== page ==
Sramana Mitra: In 2006, how did the order volume change? What happened in 2006? What level did it reach?
Sanjay Dange: In mid 2006, we started getting 20 to 25 projects in a month. Plus, in a year and a half, we also acquired more than 50 new customers. We would get a lot of repeat orders from them. It’s very important to keep our clients satisfied. We were lucky that we could get a few serious customers who developed e-commerce websites and serious business portals.
SM: And you were also maintaining their websites?
SD: Yes. We got the opportunity to maintain their websites. Every month, they used our hourly-based maintenance packages. Gradually, we built a base of 200+ overseas customers in a period of one and a half years.
SM: Wow. What were you doing on the back end? Obviously, you were no longer two people, right? Did you hire a lot of people? What was the strategy?
SD: Yes, we started with a small office of 200 square feet and three people: me, Nishi and a Web designer. The strength grew to 10 people by 2004.. In 2004-2005, we started working on outsourcing portals and the volume of orders started increasing. Today, we have a total office space of 6,000 square feet in Surat and 2,000 square feet in Baroda.
SM: How many people do you have?
SD: We have 100 people on our payroll.
SM: Okay. And what is the volume now from Freelancer.com? Are you doing mostly Freelancer.com work, or are you getting business outside as well?
SD: There are other portals, but Freelancer provides 25% of our annual revenue, and 75% is from other portals and our Indian market.
SD: We are on Elance.com. We are on PeoplePerHour.com. We are on various contest sites such as LogoGuru.com, Hatchwise.com, 99designs.com and a few others. With increasing exposure, we get a lot of direct inquiries. We have also established marketing partnership arrangements in the USA , UK and European countries.
SM: Take me through the example of Elance. You were doing well on Freelancer.com. How did you penetrate Elance? Elance was a much bigger company by the time you got on it, right? A lot more competitive?
SD: In 2004, we registered on Elance and Freelancer.com because they came up first in a Google search. Elance had a few paid packages, whereas Freelancer.com had a gold membership package, which cost only $12 a month. We could only penetrate a little on Elance.com due to a large number of bigger players. Other deterrents were the huge cost of registration, more competition and a complex bidding process. We still bid and got a few orders, but our success rate was still quite low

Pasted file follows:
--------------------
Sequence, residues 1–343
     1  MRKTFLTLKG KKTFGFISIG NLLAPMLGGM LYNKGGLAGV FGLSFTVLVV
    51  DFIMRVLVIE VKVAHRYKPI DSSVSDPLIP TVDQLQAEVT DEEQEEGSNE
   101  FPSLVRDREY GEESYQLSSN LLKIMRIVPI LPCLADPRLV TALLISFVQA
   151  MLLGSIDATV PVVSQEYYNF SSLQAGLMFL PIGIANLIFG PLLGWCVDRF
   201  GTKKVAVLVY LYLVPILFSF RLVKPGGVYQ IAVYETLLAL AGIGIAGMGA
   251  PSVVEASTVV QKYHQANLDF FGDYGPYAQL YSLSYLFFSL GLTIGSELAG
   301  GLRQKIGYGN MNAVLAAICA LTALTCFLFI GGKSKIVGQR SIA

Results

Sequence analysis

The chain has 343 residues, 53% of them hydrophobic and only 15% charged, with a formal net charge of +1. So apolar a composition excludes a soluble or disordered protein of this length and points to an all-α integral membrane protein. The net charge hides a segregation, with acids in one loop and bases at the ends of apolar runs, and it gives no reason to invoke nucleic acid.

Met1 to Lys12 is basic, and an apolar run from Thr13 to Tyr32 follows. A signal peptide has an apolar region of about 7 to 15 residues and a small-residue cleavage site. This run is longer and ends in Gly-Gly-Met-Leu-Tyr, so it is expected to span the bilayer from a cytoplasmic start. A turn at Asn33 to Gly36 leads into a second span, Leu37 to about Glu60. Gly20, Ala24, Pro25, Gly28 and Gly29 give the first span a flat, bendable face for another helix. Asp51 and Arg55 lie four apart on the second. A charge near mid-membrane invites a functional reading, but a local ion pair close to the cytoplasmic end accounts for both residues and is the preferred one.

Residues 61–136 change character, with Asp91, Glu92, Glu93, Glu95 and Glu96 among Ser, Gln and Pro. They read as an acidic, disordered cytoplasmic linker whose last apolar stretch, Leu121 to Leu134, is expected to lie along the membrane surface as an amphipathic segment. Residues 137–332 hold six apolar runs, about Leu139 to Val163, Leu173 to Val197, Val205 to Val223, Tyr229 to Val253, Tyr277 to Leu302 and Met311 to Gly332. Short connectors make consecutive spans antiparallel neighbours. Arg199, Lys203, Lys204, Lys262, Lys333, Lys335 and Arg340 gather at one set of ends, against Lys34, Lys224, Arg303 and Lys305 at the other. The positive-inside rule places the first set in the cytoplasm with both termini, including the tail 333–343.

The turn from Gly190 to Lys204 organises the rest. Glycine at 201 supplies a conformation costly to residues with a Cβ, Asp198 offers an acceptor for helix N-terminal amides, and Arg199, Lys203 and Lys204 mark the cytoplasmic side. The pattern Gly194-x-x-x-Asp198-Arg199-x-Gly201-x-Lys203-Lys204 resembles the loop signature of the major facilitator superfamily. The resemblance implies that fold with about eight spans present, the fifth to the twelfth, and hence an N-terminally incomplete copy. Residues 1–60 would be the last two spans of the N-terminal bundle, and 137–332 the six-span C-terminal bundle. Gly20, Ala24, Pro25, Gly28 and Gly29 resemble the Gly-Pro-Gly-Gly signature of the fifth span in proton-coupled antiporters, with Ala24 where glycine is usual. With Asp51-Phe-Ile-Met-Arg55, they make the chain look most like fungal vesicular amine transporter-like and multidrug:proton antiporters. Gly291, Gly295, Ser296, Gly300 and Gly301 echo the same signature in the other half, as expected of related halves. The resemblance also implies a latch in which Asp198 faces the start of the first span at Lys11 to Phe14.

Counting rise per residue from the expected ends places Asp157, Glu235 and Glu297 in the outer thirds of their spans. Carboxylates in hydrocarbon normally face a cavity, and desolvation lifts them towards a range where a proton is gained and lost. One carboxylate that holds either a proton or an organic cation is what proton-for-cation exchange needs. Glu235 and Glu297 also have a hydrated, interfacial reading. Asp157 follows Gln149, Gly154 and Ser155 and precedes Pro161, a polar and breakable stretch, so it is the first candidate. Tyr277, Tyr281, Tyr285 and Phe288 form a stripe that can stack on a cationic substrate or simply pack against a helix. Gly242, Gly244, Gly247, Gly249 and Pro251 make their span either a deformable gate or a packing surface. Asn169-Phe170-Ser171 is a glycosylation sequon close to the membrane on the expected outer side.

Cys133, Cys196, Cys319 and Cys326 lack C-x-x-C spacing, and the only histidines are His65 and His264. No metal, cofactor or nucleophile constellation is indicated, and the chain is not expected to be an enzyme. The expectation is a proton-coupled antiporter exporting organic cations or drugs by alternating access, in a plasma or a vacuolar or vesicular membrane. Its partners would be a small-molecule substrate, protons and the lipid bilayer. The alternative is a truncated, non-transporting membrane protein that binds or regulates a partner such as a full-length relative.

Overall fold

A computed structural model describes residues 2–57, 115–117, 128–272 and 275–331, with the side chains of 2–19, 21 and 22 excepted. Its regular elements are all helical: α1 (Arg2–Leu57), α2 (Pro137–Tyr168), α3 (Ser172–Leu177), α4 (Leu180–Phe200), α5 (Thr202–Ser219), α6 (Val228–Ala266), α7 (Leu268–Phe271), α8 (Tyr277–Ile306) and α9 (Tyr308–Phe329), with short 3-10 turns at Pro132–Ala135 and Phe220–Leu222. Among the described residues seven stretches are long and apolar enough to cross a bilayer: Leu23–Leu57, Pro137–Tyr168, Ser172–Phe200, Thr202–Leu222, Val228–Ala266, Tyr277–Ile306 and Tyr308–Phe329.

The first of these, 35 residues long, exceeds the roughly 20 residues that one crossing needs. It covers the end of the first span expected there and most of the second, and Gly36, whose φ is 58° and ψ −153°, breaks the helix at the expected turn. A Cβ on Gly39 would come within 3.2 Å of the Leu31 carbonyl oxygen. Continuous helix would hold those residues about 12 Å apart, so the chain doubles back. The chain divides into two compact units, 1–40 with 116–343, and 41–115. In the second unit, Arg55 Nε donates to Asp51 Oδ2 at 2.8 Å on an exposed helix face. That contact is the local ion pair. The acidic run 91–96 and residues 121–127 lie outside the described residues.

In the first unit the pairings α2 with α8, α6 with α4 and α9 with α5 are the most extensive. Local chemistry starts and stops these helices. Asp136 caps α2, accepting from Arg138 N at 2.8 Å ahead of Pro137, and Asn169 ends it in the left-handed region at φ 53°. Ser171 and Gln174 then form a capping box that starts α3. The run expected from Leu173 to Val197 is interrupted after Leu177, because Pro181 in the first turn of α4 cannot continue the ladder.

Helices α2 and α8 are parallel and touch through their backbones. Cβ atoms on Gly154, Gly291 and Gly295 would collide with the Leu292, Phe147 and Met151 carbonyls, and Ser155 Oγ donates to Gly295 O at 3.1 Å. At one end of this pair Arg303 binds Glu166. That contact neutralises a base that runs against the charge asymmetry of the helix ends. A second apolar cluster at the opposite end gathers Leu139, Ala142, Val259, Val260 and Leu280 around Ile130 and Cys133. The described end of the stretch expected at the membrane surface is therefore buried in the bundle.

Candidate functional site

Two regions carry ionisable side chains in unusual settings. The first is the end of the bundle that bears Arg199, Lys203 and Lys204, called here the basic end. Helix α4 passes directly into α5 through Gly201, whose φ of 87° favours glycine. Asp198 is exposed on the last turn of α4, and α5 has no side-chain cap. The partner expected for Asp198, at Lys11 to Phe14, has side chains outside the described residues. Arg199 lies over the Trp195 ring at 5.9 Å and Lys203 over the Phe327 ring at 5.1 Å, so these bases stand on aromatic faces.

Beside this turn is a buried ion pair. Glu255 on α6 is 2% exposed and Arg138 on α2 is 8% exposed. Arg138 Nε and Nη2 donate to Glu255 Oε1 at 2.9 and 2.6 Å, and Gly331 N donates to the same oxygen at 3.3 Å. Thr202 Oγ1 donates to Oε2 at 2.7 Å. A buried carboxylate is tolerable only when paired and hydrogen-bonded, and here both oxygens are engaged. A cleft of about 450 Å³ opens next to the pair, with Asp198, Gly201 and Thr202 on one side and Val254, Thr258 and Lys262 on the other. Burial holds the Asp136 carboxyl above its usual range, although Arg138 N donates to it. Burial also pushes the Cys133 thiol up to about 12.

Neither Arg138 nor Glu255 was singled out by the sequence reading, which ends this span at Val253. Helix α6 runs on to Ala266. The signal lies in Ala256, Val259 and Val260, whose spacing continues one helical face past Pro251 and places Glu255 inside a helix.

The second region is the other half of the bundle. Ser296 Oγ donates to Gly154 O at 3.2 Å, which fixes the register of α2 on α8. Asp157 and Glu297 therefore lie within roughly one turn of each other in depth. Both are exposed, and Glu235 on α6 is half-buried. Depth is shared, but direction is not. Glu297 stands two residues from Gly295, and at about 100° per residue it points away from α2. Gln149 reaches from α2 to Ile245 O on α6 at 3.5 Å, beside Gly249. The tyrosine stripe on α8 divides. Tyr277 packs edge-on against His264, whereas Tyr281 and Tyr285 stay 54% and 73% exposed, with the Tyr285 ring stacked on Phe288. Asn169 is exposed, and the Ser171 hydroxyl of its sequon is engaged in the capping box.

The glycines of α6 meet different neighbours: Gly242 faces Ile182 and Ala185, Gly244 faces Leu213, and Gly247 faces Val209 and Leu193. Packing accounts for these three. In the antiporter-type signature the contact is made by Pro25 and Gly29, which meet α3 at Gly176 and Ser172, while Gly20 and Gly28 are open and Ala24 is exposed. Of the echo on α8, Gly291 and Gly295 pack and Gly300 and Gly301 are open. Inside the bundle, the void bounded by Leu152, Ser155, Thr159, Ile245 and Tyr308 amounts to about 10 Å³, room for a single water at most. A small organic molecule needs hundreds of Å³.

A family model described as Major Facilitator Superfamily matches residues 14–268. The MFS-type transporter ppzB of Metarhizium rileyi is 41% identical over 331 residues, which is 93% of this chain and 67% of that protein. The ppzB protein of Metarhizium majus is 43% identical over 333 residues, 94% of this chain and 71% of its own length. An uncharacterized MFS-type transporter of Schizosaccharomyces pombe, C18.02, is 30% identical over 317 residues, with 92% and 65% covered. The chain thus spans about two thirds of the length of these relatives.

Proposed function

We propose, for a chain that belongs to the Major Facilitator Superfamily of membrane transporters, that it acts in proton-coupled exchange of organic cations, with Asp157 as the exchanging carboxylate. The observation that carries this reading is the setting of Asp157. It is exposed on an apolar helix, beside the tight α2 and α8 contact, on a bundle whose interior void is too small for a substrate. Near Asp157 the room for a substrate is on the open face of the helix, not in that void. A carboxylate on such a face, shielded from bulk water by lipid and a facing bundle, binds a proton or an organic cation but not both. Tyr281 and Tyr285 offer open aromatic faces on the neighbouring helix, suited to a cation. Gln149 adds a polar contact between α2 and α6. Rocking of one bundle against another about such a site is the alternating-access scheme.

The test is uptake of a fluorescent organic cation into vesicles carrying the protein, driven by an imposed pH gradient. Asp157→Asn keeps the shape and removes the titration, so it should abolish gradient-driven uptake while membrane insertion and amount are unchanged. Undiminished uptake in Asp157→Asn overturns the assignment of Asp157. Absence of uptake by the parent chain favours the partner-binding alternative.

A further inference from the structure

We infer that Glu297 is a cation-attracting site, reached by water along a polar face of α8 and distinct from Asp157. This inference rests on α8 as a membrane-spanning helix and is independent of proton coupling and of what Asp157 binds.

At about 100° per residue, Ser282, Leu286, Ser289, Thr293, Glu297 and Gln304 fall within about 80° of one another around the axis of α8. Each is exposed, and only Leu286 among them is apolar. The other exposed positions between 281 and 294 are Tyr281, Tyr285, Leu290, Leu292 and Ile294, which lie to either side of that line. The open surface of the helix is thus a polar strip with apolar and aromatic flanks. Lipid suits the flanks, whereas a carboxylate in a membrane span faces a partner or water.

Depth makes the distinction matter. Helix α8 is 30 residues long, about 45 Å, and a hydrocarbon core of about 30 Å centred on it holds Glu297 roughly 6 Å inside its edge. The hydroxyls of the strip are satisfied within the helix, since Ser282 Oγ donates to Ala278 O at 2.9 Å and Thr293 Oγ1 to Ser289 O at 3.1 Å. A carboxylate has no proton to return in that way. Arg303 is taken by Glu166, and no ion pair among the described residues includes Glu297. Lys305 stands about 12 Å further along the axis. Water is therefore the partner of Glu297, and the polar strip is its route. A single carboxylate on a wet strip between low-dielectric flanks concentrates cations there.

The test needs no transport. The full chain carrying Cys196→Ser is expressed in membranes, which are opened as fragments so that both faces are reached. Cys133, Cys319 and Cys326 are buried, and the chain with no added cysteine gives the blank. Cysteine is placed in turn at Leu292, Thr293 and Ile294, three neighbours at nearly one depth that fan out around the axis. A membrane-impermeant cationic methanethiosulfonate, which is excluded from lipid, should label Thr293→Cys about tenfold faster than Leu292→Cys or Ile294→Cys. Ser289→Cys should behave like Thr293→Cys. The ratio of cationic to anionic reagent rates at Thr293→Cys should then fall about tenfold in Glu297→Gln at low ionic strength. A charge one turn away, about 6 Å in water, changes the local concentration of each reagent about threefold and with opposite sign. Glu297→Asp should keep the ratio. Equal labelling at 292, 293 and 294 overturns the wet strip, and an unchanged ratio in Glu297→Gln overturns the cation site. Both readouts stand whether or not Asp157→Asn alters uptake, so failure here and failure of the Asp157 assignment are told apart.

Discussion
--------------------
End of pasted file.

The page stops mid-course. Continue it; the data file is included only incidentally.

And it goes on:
SM: Would you explain why you were more successful on Freelancer.com versus Elance? Is it because Freelancer was small, and there was less competition?
SD: I believe that our success on Freelancer.com can be attributed to two factors. The first one was few big players bidding on projects. Elance.com, an established portal, had a lot of big players who did not leave any room for new players to come in and get the orders. Freelancer.com had small volume players. That’s why the probability of success was higher. The second factor was low entry barriers due to low registration fee. Freelancer.com would charge us $8 per month to bid on an unlimited number of projects. So, inspite of lots of bids getting rejected, we kept our motivation high and kept on trying. Elance.com had restrictive practices in terms of the number of bids and exorbitant entry costs. At that time, Elance cost around $900 for the complete deal of a website design and graphics design package.
SM: Have you also worked with oDesk?
SD: No. We do not work on oDesk, although we are registered there as a business entity. Our Indian operations, Freelancer.com and Elance.com kept us occupied. As I said, Freelancer.com only charged $8, which we found competitive. A flow of gradual orders on Freelancer.com kept us occupied, and our confidence in it increased.